Diophantus was another mathematician who lived at Alexandria and about whose life very little is known.  We are not even sure of his nationality
(though he was probably not a Greek) or his dates, though it is generally accepted that he lived in the third century AD.

However, there is one reference, an epitaph to Diophantus, which can be found in the book known as the
Palatine Anthology written by the grammarian
Metrodorus in the sixth century. This is a paraphrase of what it says:

‘One sixth of Diophantus’ life was spent in childhood, one twelfth as a youth and one seventh more before he married. Five years after his marriage, a
son was born. The son died four years before the father. The son’s age when he died was half of Diophantus’ age when he died. How old was
Diophantus when he died?’
It’s quite easy to solve this problem, with the result that Diophantus was 84 years old when he died.

Diophantus is famous for the introduction of what is known as
syncopated algebra. The evolution of algebra has been characterised by Nesselmann
as having three stages:

Rhetorical algebra. This is when the solution to a problem is given using only words, with no abbreviations or symbols. Before Diophantus, all
algebra was rhetorical.
Syncopated algebra. This is when abbreviations are used for some of the more common operations and quantities.
Symbolic algebra. This is when almost all the steps in the solution to a problem are given in shorthand using mathematical symbols for both
operations and quantities. This is the type of algebra that we are familiar with today.

Here is an example of Diophantus’ use of syncopated algebra. He used:
Diophantus wrote three works. One, Porisms, is completely lost, and only a fragment remains of another, On Polygonal Numbers. However six books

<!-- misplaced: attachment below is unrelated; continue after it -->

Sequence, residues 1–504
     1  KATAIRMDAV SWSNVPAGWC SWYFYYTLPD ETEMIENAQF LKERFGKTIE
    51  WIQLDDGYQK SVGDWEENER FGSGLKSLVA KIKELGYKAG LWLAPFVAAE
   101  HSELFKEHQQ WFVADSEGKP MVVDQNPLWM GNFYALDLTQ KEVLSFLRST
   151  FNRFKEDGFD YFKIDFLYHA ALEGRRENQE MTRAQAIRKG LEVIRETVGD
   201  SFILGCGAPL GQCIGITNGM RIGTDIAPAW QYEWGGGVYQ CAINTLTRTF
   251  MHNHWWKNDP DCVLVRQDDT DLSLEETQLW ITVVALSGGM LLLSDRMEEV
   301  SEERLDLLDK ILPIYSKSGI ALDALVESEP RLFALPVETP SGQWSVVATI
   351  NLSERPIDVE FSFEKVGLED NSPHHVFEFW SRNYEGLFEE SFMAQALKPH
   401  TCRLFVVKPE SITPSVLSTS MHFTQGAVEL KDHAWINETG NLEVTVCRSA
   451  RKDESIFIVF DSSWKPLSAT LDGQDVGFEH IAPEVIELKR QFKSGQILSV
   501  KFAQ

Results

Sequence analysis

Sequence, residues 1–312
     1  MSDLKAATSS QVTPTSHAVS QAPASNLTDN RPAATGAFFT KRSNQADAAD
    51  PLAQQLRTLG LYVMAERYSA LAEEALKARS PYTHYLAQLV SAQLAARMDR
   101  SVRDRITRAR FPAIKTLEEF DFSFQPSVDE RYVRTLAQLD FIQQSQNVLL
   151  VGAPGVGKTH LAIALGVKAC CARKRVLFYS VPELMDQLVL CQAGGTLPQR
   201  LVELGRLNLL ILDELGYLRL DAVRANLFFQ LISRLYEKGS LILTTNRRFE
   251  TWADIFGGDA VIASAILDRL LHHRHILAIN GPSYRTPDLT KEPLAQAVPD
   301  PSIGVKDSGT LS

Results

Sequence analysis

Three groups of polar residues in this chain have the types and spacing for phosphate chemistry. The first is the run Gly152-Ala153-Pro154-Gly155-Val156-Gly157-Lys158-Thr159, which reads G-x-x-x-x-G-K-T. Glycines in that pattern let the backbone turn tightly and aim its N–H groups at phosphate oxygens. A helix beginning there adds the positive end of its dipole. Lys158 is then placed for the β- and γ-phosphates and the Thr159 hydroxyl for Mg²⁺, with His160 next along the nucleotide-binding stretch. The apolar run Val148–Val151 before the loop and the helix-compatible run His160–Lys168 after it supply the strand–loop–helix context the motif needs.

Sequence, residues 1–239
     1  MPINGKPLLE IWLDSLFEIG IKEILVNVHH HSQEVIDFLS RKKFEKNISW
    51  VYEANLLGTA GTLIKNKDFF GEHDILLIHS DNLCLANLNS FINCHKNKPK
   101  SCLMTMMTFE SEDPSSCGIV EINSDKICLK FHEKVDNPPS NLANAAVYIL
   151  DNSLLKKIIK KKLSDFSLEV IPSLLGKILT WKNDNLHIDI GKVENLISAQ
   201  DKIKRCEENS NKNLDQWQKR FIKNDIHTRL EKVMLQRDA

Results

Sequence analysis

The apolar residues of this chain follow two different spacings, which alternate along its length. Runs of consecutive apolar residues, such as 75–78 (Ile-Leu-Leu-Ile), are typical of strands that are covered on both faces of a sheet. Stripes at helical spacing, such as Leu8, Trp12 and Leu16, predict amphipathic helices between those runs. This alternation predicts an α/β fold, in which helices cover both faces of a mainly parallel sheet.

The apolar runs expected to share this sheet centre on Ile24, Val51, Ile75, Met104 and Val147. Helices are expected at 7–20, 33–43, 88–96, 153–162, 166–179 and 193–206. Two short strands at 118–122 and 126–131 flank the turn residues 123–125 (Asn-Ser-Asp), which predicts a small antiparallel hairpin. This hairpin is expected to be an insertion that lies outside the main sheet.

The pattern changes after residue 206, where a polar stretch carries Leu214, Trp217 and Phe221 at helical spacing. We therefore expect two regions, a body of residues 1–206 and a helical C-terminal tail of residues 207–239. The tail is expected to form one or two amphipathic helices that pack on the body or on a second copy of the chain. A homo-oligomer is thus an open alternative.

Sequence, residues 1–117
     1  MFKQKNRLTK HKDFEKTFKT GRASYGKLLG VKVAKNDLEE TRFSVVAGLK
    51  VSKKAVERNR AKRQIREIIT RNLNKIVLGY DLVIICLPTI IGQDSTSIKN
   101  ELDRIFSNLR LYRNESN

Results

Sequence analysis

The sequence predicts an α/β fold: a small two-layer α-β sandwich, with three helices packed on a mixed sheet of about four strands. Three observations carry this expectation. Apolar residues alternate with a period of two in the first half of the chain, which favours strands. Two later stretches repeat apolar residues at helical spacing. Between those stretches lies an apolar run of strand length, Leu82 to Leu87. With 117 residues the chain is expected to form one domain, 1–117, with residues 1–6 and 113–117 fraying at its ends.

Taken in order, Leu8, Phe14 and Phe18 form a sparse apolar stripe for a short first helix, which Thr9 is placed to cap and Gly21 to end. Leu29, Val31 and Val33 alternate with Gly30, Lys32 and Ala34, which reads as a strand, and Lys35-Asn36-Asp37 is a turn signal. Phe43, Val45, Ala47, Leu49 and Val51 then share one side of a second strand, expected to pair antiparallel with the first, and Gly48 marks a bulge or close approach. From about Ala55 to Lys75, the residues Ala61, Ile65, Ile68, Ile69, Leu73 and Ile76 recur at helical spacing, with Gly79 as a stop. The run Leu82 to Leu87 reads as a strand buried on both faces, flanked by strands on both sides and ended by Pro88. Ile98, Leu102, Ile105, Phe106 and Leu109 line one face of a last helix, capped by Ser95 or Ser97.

from thirteen of his most important work,
Arithmetica, are still in existence through a Latin translation of the original Greek text by Xlander in the
sixteenth century.

Arithmetica contains 130 problems in number theory, of various types, all leading to equations of the first or second degree, some with as many as
three unknowns. Diophantus does not employ any general methods for the solution of the problems, but tackles each problem individually often using
ingenious methods. All Diophantus’ solutions were rational numbers and he usually only supplied one answer for each problem (even though there
were often more).

[As a footnote, it should be added that the great French number theorist Pierre de Fermat (1601 – 1665) was influenced by the work of Diophantus.
Fermat is said to have written in the margin of his copy of Arithmetica that he had a solution for the famous theorem of mathematics known as Fermat’s
Last Theorem i.e  There are no integer solutions  of the equation                           for n > 2.]

A contribution of Diophantus to mathematics

The following is a statement of Arithmetica Book II, problem 28 and its solution. For simplicity, modern notation is used, but the method is due to

Problem Find two square numbers such that the sum of the product of the two numbers with either number is also a square number.